The project has proven a popular engagement tool that has fostered new practices within the white cube and a platform for visitors to connect art to personal experience, to places where the art makes sense for them, places where desires, dreams and memories were acted out. In de Certeau’s text upon the “Railway Navigation and Incarceration” he constructs a narrative to critique the tourist who travels the world behind glass:
“Only a rationalized cell travels. A bubble of panoptic and classifying power, a module of imprisonment that makes possible the production of an order, a closed and autonomous insularity – that is what can traverse space and make itself independent of local roots”. (de Certeau 1987: 111)
The text is useful at understanding the nature of our sociological attachment to a place as he positions the reader in an unfamiliar context in which our relations with an environment are touristic and detached. From behind the glass of the train and the rails that keep us on a course to never engage with what we see, he depicts the unusual detachment that we have with spaces which he finds converse to the experience of walking through a town or city.
Flipping the perspective of the tourist for the gaze of the artwork, the ArtCasting platform allows the art to become the detached actant, forever travelling the UK through the Artist Rooms network but never able to engage with a community or place. Associating stories, memories and personal contexts to each artwork offers each painting a chance to engage with a place. Through the visitors comments we get a glimpse into the complex social settings that the artwork evokes. de Certeau continues his metaphor by describing the intense social and spatial intercourse that takes place when we arrive home:
“Everyone goes back to work at the place he has been given, in the office or the workshop. The incarceration-vacation is over. For the beautiful abstraction of the prison are substituted the compromises, opacities and dependencies of a workplace. Hand-to-hand combat begins again with a reality that dislodges the spectator without rails or window-panes. There comes to an end the Robinson Crusoe adventure of the travelling noble soul that could believe itself intact because it was surrounded by glass and iron.” (de Certeau 1987:114)
As each artwork finds itself cast as a geofence on somebody’s door step, in somebody’s lounge or place of work, the artwork has the first chance to slip away from the protected white walls of the gallery and engage in the cut and thrust of human life.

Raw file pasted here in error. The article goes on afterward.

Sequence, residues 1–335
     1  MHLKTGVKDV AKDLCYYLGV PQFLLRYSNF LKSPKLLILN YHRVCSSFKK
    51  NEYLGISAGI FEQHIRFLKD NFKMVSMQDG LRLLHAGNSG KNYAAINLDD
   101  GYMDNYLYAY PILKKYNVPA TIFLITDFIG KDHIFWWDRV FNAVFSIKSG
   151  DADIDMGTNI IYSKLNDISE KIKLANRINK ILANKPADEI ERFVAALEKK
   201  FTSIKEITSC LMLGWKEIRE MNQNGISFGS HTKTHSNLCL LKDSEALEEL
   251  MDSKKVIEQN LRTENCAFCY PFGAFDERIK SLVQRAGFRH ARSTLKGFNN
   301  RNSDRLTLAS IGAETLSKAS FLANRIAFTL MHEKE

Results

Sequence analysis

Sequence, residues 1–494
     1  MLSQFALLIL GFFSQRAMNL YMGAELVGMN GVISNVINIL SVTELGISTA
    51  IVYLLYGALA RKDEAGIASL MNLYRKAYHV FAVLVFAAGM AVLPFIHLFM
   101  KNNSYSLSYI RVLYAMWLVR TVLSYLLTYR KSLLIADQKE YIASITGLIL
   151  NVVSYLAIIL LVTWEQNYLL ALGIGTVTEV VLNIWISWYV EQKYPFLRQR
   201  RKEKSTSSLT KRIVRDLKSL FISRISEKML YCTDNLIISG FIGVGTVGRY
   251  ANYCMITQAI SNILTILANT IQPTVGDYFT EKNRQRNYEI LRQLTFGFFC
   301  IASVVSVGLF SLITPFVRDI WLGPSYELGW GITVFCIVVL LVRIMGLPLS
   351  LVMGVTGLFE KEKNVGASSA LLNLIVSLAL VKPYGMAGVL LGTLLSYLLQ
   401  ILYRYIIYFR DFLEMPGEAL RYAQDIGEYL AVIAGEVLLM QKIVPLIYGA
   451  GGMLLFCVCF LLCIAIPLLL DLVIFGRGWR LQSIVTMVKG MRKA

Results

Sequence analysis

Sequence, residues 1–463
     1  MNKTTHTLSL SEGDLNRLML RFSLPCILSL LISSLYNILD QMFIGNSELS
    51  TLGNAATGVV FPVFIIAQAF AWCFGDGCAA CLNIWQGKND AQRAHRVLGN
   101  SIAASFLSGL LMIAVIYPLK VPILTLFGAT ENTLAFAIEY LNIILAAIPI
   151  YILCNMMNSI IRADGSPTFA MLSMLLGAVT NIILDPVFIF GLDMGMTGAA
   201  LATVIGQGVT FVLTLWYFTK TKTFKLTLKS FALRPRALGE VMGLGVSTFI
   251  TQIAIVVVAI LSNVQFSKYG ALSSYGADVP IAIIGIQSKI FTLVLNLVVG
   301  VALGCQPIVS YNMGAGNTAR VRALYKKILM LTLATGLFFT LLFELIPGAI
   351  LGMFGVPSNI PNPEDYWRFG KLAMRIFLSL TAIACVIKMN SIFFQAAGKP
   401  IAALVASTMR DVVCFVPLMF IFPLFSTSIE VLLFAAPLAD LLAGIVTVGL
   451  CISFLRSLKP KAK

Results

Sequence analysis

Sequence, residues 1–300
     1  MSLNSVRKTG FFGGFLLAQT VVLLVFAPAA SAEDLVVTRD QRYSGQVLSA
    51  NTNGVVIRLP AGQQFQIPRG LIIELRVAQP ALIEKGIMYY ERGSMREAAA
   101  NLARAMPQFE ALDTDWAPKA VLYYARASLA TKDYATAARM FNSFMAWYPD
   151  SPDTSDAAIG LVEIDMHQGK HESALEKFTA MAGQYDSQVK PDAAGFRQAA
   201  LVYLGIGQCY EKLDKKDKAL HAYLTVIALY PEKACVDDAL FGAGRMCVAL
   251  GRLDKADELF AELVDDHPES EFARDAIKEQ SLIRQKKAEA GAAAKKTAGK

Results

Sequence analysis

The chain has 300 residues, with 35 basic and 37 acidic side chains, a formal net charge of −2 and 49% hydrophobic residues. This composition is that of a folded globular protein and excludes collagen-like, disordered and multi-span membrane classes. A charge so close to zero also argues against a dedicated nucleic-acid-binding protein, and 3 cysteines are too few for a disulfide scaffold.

ArtCasting’s technology does as much to capture the affect that art has upon visitors, as it does to get the art out into the world and begin to engage with the complex, colourul, dirty places where we humans live.
The project is technically over now, but new futures are planned through the use of further analytical tools to better understand the sentiment of people comments and casts. However the project site is full of different perspectives on the project with papers and chapters in press that reflect in more detail about the research. Available for further insight is Jeremy Knox and Jen Ross’ essay “Where does this work belong?” New digital approaches to evaluating engagement with art presented at MW2016: Museums and the Web 2016. The essay highlights in particular the (re)encountering of art as people walk into geofences:
“Re-encountering work from the exhibition in different spaces, “out there” in the world, and at different times when they may have been forgotten, offers tangible ways of making connections between art and the wider contexts that visitors experience in their daily lives.” (Knox & Ross 2016)
Returning to the discussion between the disengaged art student and our tutor who sought to find out why our work in the 1991 show wasn’t taking him anywhere, ArtCasting has revealed an opportunity to recognise our resposibility to take art on journeys out of galleries and into the streets where de Certeau found place. Whether we do it with the help of an app or not, the affect that art has upon us needs to be mobilised in order for the art to meet our lives outside of the white cube. Lonely and dreading the cold nights when the gallery has closed, art needs us to take it away, and is pleading “Where will you take me?”
Jen Ross (PI), Jeremy Knox, Claire Sowton, Chris Barker and Chris Speed.